bridge of the enterprise: The Latest from Client Access

On February 9, IBM made another significant AS/400 announcement. As is becoming par-for-the-course, the minds in Rochester and Toronto hit the mark. You want systems with plenty of gas? They got ‘em.

Of all the highlights in this announcement – and there are quite a few – two excited me the most. The first was the simplification of the product line from three groups (traditional, servers and mixed mode) to one. Now maybe deciding which model to acquire will become a somewhat easier process for most companies. The second is the on-going evolution of Client Access for the AS/400.

Client Access Express. There is some real news here. For one thing, CA Express is for use only in Windows 95/98 and NT environments. Changes from the existing Windows clients are as follows:

  • All file and print serving functions formerly supported by the AS/400 have been moved to the AS/400 NetServer, which does not run the background tasks that formerly ran to support file and print as before. Similar to Microsoft Networking, if you want to make your printer available to the AS/400 network you will need to create a share. To use NetServer, only the "client for Microsoft Networks" (with file and print sharing enabled) must be installed on the client machine.
  • 5250 emulation has several enhancements that include better messaging, startup options, better cut and paste functionality and so on.
  • File transfer has been enhanced to support transfers without setting up a system connection. An additional enhancement here is the use of a wizard when uploading, which helps create a new AS/400 database file definition and add structure to the file. Additionally, tab delimited text files are now supported.
  • Administration enhancements include policy templates that can be used with Microsoft System Policies. This enables restrictions on the use of Operations Navigator to the level of which functions can be used and to the levels of folders that can be accessed. Additional restrictions can be placed on file transfers, even to the type of transfer. You can also control and limit ODBC usage.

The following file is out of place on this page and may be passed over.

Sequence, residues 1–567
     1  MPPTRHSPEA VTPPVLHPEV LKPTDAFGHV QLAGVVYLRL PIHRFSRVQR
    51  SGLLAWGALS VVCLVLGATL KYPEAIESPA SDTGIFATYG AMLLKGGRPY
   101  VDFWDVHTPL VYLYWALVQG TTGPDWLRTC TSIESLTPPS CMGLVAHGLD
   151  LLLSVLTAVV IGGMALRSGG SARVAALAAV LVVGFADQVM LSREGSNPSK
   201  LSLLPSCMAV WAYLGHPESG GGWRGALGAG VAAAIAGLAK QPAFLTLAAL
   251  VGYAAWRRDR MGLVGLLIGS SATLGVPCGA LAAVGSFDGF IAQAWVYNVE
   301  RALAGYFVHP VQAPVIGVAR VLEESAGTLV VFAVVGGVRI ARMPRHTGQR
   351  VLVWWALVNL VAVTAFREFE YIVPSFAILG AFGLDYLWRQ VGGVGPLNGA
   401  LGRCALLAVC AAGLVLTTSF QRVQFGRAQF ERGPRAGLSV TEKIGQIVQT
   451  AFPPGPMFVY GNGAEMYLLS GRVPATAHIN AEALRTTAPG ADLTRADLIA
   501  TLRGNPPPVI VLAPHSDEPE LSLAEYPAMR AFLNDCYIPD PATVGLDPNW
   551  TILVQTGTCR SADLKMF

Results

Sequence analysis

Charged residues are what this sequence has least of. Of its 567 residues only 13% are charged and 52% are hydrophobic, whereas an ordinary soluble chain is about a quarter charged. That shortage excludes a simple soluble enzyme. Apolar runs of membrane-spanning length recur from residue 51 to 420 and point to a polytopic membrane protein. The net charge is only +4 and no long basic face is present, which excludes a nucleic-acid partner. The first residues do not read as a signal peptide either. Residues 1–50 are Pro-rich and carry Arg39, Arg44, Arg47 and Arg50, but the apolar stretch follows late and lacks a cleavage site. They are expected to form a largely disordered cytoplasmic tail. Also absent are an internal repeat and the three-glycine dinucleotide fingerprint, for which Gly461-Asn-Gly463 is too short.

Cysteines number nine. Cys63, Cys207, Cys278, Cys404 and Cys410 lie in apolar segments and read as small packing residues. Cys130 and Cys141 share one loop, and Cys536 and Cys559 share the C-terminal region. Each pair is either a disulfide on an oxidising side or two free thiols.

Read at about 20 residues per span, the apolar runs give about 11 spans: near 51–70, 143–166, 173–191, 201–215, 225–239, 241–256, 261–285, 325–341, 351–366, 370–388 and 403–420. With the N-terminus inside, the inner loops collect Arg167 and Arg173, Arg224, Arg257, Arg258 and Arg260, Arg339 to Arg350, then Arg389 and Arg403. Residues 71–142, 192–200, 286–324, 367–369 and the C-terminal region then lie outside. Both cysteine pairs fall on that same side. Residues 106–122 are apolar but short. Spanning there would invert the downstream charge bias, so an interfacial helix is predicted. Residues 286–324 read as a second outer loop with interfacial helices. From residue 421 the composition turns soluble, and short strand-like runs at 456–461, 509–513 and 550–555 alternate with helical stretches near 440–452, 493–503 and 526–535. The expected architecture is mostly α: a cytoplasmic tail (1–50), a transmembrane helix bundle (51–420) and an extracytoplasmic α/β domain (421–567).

• AS/400 administration through Operations Navigator has also been enhanced. Management Central enables management of multiple AS/400s from a "central server" AS/400. This can be used to collect performance data, distribute and install PTFs, gather hardware and software inventory, execute commands and select objects for inclusion in a package to be distributed throughout the network. IFS (Integrated File System) folders can be created, renamed, deleted or moved. NetServer file and print shares can be created and managed.
  • Applications enablement has been improved via many enhancements to language support, an OLE DB driver and toolkits for Java and PC 5250 enablers.

The requirements for CA Express are steep, but there is no surprise there. For Windows 95 and 98, IBM publishes a minimum 486 66 with 16 MB of memory, and for NT a Pentium 100 with 24 MB of memory is suggested. Who is kidding who here? You can’t run the operating systems on that! I would say the minimum system should be a Pentium 166 with 32 MB for 95/98, and Pentium 233 with 64 MB for NT. Disk space requirements run from 58 to 103.5 MB, depending on what is installed.

This is all good news and an excellent reminder of IBM’s solid commitment to making the AS/400 a clear winner in a heterogeneous environment. As this commitment continues, our users will truly not know what platforms are in use throughout our organizations, nor should they. Moreover, many of our operators of the future will have never had to touch a green screen. This is a good thing. The more disparate systems look and act like one and other, the shorter the learning curves and the easier the support. Both of these result in a positive impact on the bottom line of our companies.

A veteran of the IBM midrange arena since 1983, Chris Gloede is executive VP for Business Solutions Group in Wayne, Pa.

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